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Will users of Amazon's Silk browser be trading privacy for efficiency?

Amazon’s Kindle Fire’s cloud-based web browser, Silk, is already raising questions from security experts.

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"Amazon Silk also temporarily logs web addresses known as uniform resource locators ('URLs') for the web pages it serves and certain identifiers, such as IP or MAC addresses, to troubleshoot and diagnose Amazon Silk technical issues,” Amazon writes in its Terms & Conditions. “We generally do not keep this information for longer than 30 days.”

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“Every page they see, every link they follow, every click they make, every ad they see is going to be intermediated by one of the largest server farms on the planet,” writes one concerned blogger. “People who cringe at the data-mining implications of the Facebook Timeline ought to be just floored by the magnitude of Amazon’s opportunity here. Amazon now has what every storefront lusts for: the knowledge of what other stores your customers are shopping in and what prices they’re being offered there.”

Silk isn’t the first browser to use this controversial split browsing model. Google’s Opera Mini also sent traffic through company servers, drawing scrutiny for endangering user privacy and security.

And to be sure, very few people have actually used the Kindle Fire and its Silk web browser, so there are still questions about its features and about Amazon’s privacy policy.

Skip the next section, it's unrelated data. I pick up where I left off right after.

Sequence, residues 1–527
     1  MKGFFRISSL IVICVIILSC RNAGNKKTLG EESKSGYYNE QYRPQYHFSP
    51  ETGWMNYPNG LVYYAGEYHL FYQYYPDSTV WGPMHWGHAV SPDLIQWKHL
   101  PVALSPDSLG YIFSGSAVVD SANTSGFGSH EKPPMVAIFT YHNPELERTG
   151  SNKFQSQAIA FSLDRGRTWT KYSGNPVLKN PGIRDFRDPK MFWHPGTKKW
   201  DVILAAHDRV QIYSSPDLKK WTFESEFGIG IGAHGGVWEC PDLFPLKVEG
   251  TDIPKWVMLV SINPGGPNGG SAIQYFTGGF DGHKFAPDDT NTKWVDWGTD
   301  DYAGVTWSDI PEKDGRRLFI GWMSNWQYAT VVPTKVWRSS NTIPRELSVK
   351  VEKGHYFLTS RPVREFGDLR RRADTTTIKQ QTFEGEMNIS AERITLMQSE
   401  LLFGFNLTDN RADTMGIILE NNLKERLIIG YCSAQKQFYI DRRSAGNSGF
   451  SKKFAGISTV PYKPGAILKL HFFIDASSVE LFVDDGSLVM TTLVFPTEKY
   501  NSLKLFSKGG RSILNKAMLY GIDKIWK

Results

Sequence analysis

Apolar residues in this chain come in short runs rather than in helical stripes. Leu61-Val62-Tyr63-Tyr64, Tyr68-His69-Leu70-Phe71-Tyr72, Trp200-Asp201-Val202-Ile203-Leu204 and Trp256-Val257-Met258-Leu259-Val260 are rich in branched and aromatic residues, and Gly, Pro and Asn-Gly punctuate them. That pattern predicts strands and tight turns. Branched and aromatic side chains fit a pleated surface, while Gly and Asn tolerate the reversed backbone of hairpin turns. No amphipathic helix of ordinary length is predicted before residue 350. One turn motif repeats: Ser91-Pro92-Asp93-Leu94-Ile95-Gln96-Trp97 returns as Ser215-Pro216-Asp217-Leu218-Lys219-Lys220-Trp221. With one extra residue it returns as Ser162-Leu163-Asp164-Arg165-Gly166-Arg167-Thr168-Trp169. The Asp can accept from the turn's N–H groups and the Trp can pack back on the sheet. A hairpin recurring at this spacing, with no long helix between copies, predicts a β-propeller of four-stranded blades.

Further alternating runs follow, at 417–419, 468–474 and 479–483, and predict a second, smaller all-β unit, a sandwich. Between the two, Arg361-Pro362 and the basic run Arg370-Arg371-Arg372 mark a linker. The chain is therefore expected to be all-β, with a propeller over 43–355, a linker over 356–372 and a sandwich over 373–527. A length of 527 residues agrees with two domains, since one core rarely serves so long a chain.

But the revelations are enough to make many security experts wary. For now, potential Fire users should heed two pieces of advice: Amazon Silk’s default mode is cloud-based browsing, but the browser will come with an off-cloud mode, so people have the option of not sharing sensitive data. If you use the Fire, turn off cloud browsing.

With the Kindle Fire, and so many other products and services we use, it’s wise to remember these words from Chester Wisniewski, a senior security advisor at security firm Sophos:

"While most of us roll our eyes when confronted with long privacy policies and pages of legalese, privacy risks lurk around every corner. If you buy a Fire device, think carefully as to whether your privacy is worth trading for a few milliseconds faster web surfing experience.”

Husna Haq is a Monitor correspondent.

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